As a linguistics major, the topic of this week’s assignment delighted me. I have a lot of opinions on the status of “national languages,” and the linguistic superiority and prejudice rooted within this idea. It is often ingrained in U.S. culture that English is a language of superiority, with the rise of the “English-only” movement which stresses nationalism, in the form of language, to the point of racism. Even when traveling to a new country, many people are shocked to find that English will not be the easiest form of communication to use. While studying in Paris, I have taken a slow approach to using French outside of the classroom, and instead intently observe my classmates and the locals vocality as a teaching lesson. I have my qualms with language assistance apps because it can be awkward and clumsy to fiddle with your phone to find the appropriate saying in an interaction. I can, however, understand their usefulness as a study aid. Furthermore, I hold the opinion that translation from one language to another will never accurately express the intentions of the original sentence, phrase, book, or speech, etc. Everything must be viewed both in its original context and the new context in which it is said. Thus, my approach to interacting with locals has been increasing at an equal pace as my knowledge of French.
Having had experience with another romance language, learning French has been a great, yet still challenging, experience. The phonetics of French are often very different from the sounds I have been taught to produce, which proves the most challenging aspect of the language for me. What I am truly interested in while learning French is the effects of speaking a gendered language. Flora Lewis writes, “Learning another language is not only learning different words for the same things, but learning another way to think about things.” One of the first concepts taught in any linguistics class is the Sapir-Whorf hypothesis and the surrounding debate and controversy. The hypothesis states that language influences thought, which influences culture. For instance, one could argue that in a gendered language, such as a french, sexist connotations may arise from nouns that are assigned gender. French is a language, as beautiful as it is, that mandates sexism in several ways. Plurality will always take on the masculine form, feminine adjectives must be placed before honorifics that don’t have a female form, and, not to mention, one must consider the cognitive effects of connotative gender. It has been proven that, in gendered languages, masculine nouns will take on characteristics stereotypically and historically assigned to males, and vice versa. The French academy of language regulates from the top down the correct version of French. Both elites and grass-roots groups share the ability to change a language, however.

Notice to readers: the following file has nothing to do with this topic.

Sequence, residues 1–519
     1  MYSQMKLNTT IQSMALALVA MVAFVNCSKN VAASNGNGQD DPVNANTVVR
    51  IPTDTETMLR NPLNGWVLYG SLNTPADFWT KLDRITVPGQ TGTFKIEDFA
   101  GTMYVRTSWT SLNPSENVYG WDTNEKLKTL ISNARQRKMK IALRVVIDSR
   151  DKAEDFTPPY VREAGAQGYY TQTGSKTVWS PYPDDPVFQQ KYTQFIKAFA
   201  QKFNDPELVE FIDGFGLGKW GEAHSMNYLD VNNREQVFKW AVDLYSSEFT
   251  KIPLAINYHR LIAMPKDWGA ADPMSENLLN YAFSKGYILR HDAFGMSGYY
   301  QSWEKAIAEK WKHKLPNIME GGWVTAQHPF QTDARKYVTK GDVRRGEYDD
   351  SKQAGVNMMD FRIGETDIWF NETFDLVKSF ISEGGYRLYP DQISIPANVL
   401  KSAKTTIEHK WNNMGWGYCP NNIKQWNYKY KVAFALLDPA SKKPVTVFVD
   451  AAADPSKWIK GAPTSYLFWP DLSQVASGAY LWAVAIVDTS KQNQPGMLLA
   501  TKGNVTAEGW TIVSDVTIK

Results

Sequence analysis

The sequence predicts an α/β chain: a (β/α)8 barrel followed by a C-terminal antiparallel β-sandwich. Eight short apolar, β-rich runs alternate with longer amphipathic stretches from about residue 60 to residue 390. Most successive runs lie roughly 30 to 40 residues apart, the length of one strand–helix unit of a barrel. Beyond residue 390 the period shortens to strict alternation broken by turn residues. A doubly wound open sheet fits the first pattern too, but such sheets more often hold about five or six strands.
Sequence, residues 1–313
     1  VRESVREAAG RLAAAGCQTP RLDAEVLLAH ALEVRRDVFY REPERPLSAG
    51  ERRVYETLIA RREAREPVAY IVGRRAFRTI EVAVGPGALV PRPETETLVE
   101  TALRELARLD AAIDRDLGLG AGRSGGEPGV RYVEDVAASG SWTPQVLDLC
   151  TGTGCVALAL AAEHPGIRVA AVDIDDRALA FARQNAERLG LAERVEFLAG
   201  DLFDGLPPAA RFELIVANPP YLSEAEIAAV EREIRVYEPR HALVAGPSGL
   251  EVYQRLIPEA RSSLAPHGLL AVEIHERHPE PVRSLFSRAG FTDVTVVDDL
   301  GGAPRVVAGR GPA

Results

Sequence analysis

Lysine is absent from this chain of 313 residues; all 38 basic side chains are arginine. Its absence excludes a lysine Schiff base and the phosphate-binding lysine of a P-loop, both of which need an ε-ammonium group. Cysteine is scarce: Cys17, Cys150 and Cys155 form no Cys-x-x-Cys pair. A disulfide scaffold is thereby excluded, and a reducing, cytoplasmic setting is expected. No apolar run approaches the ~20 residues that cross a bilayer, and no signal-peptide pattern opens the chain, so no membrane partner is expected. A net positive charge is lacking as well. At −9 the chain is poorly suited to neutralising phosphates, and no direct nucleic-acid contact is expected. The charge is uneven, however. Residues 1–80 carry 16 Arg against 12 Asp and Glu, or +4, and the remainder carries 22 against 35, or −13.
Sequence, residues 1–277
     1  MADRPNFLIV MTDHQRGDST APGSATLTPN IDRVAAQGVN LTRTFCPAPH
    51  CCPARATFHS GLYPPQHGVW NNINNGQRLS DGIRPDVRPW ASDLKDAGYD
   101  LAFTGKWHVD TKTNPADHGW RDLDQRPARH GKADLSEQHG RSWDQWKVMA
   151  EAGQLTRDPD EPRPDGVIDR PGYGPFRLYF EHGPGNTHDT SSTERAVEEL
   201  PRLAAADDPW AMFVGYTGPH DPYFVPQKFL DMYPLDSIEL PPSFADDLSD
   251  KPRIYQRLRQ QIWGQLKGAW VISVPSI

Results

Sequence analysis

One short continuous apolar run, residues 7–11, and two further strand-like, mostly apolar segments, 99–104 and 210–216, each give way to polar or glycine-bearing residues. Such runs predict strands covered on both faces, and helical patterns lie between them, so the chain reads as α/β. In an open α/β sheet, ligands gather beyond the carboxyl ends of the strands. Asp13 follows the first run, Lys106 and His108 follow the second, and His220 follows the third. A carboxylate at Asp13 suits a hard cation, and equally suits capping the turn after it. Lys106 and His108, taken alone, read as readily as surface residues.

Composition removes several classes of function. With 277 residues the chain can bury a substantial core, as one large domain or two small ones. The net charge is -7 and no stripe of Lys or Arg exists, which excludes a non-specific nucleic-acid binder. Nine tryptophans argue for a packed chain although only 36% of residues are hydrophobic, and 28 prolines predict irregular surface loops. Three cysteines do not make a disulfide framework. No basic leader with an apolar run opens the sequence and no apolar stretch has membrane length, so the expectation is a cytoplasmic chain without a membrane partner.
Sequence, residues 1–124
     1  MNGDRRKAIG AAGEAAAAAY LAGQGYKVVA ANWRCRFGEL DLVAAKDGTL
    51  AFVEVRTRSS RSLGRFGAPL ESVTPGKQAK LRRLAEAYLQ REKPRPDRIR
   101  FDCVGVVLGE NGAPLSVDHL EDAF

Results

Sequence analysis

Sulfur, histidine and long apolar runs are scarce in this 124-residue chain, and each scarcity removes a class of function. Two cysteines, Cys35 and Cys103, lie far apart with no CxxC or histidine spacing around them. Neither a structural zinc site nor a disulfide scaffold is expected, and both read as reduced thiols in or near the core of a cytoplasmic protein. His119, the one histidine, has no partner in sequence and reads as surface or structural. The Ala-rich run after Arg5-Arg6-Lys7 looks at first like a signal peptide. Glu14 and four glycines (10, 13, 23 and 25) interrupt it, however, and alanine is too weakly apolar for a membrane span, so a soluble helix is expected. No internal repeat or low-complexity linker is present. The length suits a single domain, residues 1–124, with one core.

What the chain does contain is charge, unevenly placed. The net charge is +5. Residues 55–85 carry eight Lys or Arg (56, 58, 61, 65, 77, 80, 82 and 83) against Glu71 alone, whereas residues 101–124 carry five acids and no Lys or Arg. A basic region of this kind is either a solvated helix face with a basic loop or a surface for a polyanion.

One of my goals while learning French is to use it as equally as my professors will allow. For a woman to be a professor is nearly impossible to address in French. “Le nouveau professor est belle” is an ungrammatical sentence. I vow to use “une professeure”, and not “une femme professeur”. Interestingly enough, Quebec French allows for these distinctions, while the notoriously conservative French Academy has not accepted these changes to the language. The distinctions I will learn between masculine and feminine French words will lend to a greater understanding of how language, thought, and culture interact; which is as much as I can hope to learn from a linguistic standpoint.